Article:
ADHD

Done With Consistently Inconsistent: Why I’m treating my ADHD

Over the past six months, I have gone from wondering for years if I have ADD/ADHD to discussing it with my counselor to getting evaluated and diagnosed, and finally to getting treated.

As with everything in my life, the path has been consistently inconsistent. In fact, if there was a catchphrase for everything I have ever done, it would have to be “consistently inconsistent”.

I start things with enthusiasm, only to stall out between 50-90% complete.

I work hard, except when I sink into an abyss of Candy Crushing.

I’m smart and capable, except when I’m a total airhead.

I am compassionate, thoughtful and considerate, except when I blurt the rudest comment possible.

can focus, especially when something is fascinating. Except when I simply cannot.

For many years I would see the signs of ADHD in myself (yes, I have the “H”, even as a fortysomething woman), and add the disclaimer that everyone is like that sometimes. My mom, who is the most dutiful person I know, tends to run late and lose track of time. My sister, who is second only to my mom in that category, has days when she falls into that candy crushing abyss. I suspected that much of it was just the stigma that less-than-organized women suffer just because we don’t fit a stereotype. Yet, the inability to plan and complete projects, the very aspect that caused my failure from the gifted program in middle school kept echoing through my life.

For every diagnostic aspect that I have of ADHD (for the record, I meet diagnostic criteria and severity in all of the characteristics), I can think of someone who has the same thing, at least as bad or worse. What was missing in my equation was threefold.

First, I was thinking of one of the many aspects that I have, and not realizing that it’s the only aspect or one of only two that others have.

Second, those I didn’t recognize that those inconsistencies are the rule instead of the exception for me, and not for the other person in mind.

Most importantly, what has been apparent, especially in hindsight over the years is the fact that these inconsistencies have not only disrupted my life and my goals, they have disrupted my view of myself.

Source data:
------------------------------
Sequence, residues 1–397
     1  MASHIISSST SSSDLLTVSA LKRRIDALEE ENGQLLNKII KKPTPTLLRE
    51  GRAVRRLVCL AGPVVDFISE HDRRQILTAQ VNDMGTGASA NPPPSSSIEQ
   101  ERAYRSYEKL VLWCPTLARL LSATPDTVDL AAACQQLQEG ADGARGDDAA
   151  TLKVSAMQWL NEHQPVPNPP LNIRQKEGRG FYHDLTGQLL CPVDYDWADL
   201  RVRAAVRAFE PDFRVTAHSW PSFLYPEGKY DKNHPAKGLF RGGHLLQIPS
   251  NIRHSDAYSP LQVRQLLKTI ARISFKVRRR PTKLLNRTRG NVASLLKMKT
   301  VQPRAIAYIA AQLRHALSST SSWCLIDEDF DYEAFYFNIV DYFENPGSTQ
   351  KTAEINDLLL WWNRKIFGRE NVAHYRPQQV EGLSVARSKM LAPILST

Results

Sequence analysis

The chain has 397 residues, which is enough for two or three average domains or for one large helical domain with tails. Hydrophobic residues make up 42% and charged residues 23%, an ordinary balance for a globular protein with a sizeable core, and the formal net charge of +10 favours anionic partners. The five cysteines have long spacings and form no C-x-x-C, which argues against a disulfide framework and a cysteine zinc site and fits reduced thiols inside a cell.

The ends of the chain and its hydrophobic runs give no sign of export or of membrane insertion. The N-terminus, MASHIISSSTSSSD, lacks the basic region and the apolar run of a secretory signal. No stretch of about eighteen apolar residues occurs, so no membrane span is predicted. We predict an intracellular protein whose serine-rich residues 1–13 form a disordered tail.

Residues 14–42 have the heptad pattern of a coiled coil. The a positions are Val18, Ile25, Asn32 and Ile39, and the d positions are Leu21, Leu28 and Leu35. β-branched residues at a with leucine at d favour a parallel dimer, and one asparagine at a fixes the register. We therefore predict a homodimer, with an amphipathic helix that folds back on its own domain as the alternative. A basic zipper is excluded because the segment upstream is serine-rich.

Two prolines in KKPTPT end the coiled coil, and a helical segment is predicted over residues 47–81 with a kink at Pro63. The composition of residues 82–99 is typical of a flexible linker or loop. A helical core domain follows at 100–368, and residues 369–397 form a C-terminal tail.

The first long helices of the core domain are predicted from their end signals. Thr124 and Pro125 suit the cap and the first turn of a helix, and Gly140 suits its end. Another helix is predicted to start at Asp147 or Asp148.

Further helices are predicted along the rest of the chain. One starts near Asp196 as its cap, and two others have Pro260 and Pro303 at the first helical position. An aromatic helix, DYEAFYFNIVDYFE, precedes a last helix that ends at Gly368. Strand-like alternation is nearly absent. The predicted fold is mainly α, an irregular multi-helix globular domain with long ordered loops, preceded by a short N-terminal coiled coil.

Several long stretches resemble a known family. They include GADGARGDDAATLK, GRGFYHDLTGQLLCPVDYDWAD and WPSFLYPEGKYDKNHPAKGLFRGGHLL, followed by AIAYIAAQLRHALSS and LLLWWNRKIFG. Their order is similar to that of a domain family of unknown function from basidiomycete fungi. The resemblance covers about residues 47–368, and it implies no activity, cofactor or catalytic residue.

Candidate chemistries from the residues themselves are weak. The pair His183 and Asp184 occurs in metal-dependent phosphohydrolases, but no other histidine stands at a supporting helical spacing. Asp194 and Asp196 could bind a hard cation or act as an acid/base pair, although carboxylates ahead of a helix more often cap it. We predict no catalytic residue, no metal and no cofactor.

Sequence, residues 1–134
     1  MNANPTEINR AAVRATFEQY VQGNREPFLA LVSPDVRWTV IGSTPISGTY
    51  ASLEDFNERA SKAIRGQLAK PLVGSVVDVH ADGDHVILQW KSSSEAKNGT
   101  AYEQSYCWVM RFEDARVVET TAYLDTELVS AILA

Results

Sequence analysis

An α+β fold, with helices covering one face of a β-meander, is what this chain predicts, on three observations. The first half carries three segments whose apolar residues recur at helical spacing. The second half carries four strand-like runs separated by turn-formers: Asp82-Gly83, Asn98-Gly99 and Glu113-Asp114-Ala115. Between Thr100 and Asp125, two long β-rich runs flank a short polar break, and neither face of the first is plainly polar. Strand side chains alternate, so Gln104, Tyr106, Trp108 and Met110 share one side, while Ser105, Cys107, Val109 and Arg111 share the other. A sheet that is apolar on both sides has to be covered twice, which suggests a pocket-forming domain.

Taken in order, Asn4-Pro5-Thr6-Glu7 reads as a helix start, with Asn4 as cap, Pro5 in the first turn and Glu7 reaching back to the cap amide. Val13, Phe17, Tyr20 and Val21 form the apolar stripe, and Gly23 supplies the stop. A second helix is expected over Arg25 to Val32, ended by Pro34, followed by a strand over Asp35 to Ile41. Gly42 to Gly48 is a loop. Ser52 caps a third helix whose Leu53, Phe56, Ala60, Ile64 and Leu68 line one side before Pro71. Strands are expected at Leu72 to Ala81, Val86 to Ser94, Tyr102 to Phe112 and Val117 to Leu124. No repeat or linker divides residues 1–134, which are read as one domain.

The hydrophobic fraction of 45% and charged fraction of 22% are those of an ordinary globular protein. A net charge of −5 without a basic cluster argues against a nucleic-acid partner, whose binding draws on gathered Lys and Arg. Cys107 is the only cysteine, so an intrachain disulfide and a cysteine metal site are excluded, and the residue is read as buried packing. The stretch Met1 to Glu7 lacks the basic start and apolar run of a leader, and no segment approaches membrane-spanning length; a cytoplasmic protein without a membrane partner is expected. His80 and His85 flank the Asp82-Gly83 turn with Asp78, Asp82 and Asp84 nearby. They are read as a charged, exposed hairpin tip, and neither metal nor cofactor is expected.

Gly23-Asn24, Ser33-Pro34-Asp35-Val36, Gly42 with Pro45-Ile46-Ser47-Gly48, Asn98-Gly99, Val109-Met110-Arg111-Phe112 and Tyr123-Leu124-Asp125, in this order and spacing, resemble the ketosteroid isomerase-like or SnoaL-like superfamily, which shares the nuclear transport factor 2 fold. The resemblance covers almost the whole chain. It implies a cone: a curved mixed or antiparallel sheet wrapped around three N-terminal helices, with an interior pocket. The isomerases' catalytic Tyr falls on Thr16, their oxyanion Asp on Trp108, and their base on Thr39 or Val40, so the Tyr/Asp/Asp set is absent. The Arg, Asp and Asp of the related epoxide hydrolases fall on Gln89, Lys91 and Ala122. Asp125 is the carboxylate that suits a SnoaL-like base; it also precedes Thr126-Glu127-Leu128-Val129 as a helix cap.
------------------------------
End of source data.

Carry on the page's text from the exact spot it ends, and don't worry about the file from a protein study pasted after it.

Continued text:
Listening to this webinar recently (not watched, mind you, in order to focus I listened while stacking wood), all of the remaining pieces fell into place perfectly and made sense. If you have ever had the aha! moment of all of recognizing something about yourself that changes your perspective about everything, past present and future, you will relate to this experience. Rather than hearing Dr. Hinshaw, the presenter, expound about girls and women with ADHD, he was telling me about myself.

I have, at several times in my life been diagnosed with depression. I already suspected, but when diagnosed with ADHD, I also met criteria for generalized anxiety, anticipatory anxiety, and social anxiety. Each of these commonly co-occurs with ADHD, especially in women.

***

Running and coffee have been forms of self-medication, unable to run, my struggles have multiplied, thus the diagnosis and treatment.

I took my first dose of Adderall this month.

I have developed many coping skills, and my wonderful husband creates organizational systems for me, makes lists, and reminds me endlessly of things I need to do, but I’m weary. The perpetual backward slide (which I refer to as entropy) has taken too much of a toll for too long. I don’t want to fight anymore, and I’m not even sure I can; I suspect that I don’t have it in me to keep pushing indefinitely at this pace for such paltry results.

Being realistic about the effect on my body, and the need to continue to develop the skills that I need to do life better, medication is a game-changer.

Already, I have gone from feeling like I’m running on ice to getting traction and hitting my stride. Without medicating the anxiety, I have less of that too. It seems that being consistently more consistent makes for a more predictable and less chaotic life, which (for me at least) reduces anxiety. For a few weeks now I have not fallen into bed and suddenly realized what I neglected, but rather, felt a sense of accomplishment and pride.

This is but the start of a new chapter, and with many more to come, I realize that surprises can and will arise, that my approach will likely change, and that this is not a solved problem, but rather a new direction with favorable change, for now at least.

I think I was due.

autism · Down syndrome · special needs parenting

How Summer Changes When You Have Kids With High Needs

Summer break isn’t my favorite.

I used to love it. We had a camper and several times each summer our family would visit different parks around the state, enjoying nature and time together. It was idyllic, and this, or something similar is what summer means to many families.

If I had to choose just one word for what has changed, that word would be vigilance.